Zeusgard, with wireless adapter, on a Macbook Air.

Zeusgard, with wireless adapter, on a Macbook Air.

As I noted in my 2012 column, “Banking on a Live CD,” the beauty of the “Live CD” approach is that it allows you to safely bank online from any machine — even from a system that is already riddled with malware. That’s because it lets you boot your existing PC into an entirely different (read: non-Windows) operating system. [Not sure why you should consider banking online from a non-Windows PC? Check out this series].

The device I’ll be looking at today is not free, nor is the the tiny dongle that enables its ability to be used on a wireless network. Nor is it an actual CD or anything more than a stripped-down Web browser. But it is one of the safest, most easy-to-use solutions I’ve seen yet.

The device, called ZeusGard, is a small, silver USB flash drive that boots into a usable browser within about 30 seconds after starting the machine. The non-writeable drive boots directly into the browser (on top of Debian Linux), and if your system is hard-wired to your router with an Ethernet connection, you should be good to go.

Nearly all Live CD solution have one glaring weakness: They typically are not usable over a wireless connection. The Live CD solution I most frequently recommend — which is based on a version of Puppy Linux — technically can work with wireless networks, but I found that setting it up is not at all intuitive, especially for people who’ve never used anything but Windows before.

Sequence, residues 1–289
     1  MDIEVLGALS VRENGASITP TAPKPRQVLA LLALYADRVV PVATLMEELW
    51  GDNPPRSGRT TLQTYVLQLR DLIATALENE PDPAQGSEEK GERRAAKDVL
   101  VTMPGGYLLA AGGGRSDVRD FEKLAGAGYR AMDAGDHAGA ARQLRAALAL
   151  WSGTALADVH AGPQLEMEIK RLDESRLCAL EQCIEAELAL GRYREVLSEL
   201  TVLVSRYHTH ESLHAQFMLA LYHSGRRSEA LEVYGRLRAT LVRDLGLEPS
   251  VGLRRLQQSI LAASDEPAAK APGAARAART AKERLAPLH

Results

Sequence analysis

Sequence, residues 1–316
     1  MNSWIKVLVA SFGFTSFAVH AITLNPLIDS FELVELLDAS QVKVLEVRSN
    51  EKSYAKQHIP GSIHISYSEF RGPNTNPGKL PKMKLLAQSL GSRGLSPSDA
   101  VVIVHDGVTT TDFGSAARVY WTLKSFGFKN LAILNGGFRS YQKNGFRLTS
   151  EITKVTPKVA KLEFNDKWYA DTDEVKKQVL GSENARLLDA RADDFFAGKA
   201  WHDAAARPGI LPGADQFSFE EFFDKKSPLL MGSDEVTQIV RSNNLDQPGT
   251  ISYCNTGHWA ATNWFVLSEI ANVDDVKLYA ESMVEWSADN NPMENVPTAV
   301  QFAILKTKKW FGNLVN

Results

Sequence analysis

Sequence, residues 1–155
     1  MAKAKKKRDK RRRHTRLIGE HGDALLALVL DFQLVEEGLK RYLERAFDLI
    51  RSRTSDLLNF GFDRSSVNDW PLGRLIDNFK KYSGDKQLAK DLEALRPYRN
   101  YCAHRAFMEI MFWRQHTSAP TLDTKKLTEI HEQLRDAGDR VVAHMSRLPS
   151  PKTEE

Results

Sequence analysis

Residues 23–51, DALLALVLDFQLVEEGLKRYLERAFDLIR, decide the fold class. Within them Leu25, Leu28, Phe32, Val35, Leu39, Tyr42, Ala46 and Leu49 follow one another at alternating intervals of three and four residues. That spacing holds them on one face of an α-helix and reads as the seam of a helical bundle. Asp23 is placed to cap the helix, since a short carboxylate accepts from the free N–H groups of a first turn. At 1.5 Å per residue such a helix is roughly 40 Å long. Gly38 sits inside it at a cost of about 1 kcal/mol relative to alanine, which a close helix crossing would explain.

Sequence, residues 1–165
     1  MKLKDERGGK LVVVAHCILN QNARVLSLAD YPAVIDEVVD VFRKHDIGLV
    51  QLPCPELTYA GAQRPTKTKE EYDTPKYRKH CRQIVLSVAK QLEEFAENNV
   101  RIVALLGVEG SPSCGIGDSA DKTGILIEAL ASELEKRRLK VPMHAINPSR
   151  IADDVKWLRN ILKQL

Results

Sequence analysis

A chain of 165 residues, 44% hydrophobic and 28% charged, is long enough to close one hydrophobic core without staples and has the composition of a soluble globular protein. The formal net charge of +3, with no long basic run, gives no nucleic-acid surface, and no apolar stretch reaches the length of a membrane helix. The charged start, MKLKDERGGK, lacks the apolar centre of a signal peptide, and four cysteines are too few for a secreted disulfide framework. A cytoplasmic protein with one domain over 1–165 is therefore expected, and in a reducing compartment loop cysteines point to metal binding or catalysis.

zgbox My review copy of ZeusGard came with a tiny USB wireless Wi-Fi adapter, which makes jumping on a wireless network a complete breeze. When you boot up with both ZeusGard and the adapter plugged in, ZeusGard automatically searches for available wireless networks, and asks you to choose yours from a list of those in range.

Assuming access to your wireless network is secured with WPA/WPA2  (hopefully not the weaker WEP) , click the “properties” box next to your network, and enter your network’s encryption key (if you need to see the key in plain text while you’re typing, tick the box next to “key”). Hit “OK” and then the “Connect” button. Once you’re connected, click the down arrow at the top of the dialog box and select “Exit to Browser Session.” Continue reading →


15
Jul 14

Java Update: Patch It or Pitch It

Oracle today released a security update for its Java platform that addresses at least 20 vulnerabilities in the software. Collectively, the bugs fixed in this update earned Oracle’s “critical” rating, meaning they can be exploited over a network without the need for a username and password. In short, if you have Java installed it is time to patch it or pitch it.

javamessThe latest update for Java 7 (the version most users will have installed) brings the program to Java 7 Update 65. Those who’ve chosen to upgrade to the newer, “feature release” version of Java — Java 8 — will find fixes available in Java 8 Update 11.

According to Oracle, at least 8 of the 20 security holes plugged in this release earned a Common Vulnerability Scoring System (CVSS) rating of 9.0 or higher (with 10 being the most severe). Oracle says vulnerabilities with 9.x CVSS score are those which can be easily exploited remotely and without authentication, and which result in the complete compromise of the host operating system. Continue reading →